5. I know smoking is a small vice, and who the hell am I to judge what he does. But if I drive to the next corner and I see a woman who wants money for her kids and I have just given the guy who might blow his money on cigarettes all my change then I feel guilty. And yes, I know there is no guarantee the women will actually use her money on the kids, or that she even has kids but still I have guilt.

  6. there is a particular homeless guy i see begging all the time, and i normally divert my eyes. he seems nice enough, but like some others have said, i think a donation to an organization i trust will be better spent. but one day i happen to be coming from the grocery store when i saw him, so i had all kinds of food and treats at arms reach. i rolled down my window and asked the guy if he'd want a chocolate bar. you should have seen his eyes light up. so i handed over a stupid expensive, organic chocolate bar and i think it made us both feel good. my suggestion - offer the guy something fun that doesn't cost you a bunch - like a powerbar or chocolate bar or whatever. everybody wins and you can still donate real money to a legitimate organization.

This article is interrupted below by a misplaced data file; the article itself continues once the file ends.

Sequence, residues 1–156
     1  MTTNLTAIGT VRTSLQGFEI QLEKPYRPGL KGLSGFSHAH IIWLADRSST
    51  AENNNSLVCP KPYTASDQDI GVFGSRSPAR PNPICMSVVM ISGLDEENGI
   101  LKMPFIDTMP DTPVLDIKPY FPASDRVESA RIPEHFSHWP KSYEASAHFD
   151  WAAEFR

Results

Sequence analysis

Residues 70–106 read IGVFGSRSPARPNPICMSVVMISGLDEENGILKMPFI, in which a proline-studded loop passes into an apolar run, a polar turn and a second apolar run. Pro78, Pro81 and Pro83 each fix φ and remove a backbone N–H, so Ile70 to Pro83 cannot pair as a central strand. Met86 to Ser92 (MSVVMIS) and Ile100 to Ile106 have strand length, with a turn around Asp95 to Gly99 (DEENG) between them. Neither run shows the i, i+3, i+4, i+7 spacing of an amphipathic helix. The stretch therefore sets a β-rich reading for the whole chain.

fyi-my shift key isn't working, thus the lower case and creatively chosen punctuation. ;p

  7. This is what I do:
    -i do give money to people playing an instrument, singing, juggling, tapping, whatever (because it's embarrassing and hard and it deserves a buck if I've got it)
    -i don't give cash money to anyone else (wheelchair, homeless, those people with the all over paint who just stand there, no one)
    -i do offer to buy someone who needs it/is holding a sign some food (hamburger, taco, whatever is closest by and costs less than $3 or so) and I buy it and then hand it over
    -i don't buy candy from kids on the subway purporting to be raising money (this is a total scam)